Suddenly, you’re not just the loan person. Your prospective customers will be coming to you to get help with every part of the process, and that’s something they’re going to tell their friends about.
Working on your ideal prospective customer profile may seem like a waste of time, until you realize that you can become the “go-to” person for your niche in your area, or if you can do your business online, for the entire world.
How does customer service fit in?
One thing that we have to point out that maybe seems redundant, but still causes problems, is that lousy customer service kills your marketing efforts. To use a baseball metaphor, you can get more at-bats, but if you’re only hitting one ball in ten, you’re not going to be a great player.
Consequently, it’s a great idea to consider the customer environment you’re creating. If it rocks, people will keep coming back. If it’s not-so-great, you’re going to convert fewer clients, and get fewer return visitors. A problem many business owners have is that they see a low conversion rate and immediately consider it a marketing problem.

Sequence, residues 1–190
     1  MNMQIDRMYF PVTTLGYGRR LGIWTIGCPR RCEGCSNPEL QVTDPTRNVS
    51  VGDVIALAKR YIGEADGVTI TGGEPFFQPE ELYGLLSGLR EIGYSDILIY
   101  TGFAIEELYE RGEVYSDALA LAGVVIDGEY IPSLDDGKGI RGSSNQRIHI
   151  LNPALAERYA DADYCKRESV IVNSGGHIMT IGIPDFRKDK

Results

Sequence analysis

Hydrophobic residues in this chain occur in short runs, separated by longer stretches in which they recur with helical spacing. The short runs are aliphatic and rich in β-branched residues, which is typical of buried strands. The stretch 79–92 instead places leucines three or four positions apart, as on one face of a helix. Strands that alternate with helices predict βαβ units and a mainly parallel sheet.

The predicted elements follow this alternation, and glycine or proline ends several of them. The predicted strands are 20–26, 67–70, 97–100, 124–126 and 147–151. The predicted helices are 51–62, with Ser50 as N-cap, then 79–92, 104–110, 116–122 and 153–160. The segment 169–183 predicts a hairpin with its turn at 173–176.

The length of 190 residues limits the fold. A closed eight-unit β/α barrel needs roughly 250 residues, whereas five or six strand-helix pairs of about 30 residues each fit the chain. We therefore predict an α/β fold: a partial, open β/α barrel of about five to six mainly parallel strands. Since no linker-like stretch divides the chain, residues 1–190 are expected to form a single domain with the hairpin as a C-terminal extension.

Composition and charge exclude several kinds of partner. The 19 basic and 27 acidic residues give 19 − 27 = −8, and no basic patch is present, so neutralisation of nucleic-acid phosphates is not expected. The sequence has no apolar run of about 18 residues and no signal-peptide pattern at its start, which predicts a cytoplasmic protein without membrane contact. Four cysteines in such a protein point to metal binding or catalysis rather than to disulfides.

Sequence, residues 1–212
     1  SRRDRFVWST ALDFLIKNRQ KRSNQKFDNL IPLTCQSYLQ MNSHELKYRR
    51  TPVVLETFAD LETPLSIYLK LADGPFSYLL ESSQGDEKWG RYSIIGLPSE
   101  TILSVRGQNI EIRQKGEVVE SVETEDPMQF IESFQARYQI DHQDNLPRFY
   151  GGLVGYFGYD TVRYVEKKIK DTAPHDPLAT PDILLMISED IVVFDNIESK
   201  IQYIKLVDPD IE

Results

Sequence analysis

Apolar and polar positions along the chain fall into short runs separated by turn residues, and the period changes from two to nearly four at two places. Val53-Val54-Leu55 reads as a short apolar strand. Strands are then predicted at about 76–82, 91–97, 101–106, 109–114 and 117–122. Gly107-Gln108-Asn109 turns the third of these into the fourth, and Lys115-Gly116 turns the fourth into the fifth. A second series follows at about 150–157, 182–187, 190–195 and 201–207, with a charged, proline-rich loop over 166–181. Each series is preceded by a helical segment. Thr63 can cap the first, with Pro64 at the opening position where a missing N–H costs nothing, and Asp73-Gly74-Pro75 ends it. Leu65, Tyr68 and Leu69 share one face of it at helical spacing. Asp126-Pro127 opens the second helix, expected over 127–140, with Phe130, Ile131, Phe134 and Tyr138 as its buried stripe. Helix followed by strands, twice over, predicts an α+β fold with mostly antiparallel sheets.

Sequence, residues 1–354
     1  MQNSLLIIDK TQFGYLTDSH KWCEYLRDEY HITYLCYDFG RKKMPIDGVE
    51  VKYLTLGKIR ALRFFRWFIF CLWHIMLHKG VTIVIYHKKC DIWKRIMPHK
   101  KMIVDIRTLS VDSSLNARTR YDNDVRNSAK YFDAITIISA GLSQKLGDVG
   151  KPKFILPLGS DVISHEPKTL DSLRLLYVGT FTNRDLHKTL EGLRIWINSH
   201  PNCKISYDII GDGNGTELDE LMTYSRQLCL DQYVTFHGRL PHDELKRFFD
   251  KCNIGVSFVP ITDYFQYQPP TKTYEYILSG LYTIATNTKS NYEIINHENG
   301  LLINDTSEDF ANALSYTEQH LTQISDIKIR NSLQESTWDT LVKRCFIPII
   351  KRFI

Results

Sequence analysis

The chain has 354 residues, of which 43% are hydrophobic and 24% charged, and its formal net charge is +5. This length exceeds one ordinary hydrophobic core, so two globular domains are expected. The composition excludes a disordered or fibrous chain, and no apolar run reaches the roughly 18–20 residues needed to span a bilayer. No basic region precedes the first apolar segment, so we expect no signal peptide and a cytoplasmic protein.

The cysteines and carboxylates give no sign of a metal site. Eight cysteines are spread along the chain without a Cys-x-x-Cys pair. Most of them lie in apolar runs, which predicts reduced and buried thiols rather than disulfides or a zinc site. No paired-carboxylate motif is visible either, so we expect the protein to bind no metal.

The truth is, it may not be.
If you’re not sure if you’re providing an excellent customer environment, ask your friends. Put up a contact form on your website and ask for feedback. Or ask your clients about problems in your industry in general. They’ll be more willing to spill the beans about the industry than your company specifically. Conversations like those with your clients may show you what you need to fix or give you insights into what they’re looking for in your services, which can give you a competitive edge.
Use that information to fix your customer service so that you can make the most of what your marketing is bringing you.
While you won’t be able to convert every prospective customer, getting more of them is always a good thing for your business. One of the best ways to increase your customer count is to refine your target market so that you get the right message in front of the right people.
What do you think of our advice? Did we miss anything? Let us know in the comments what you think!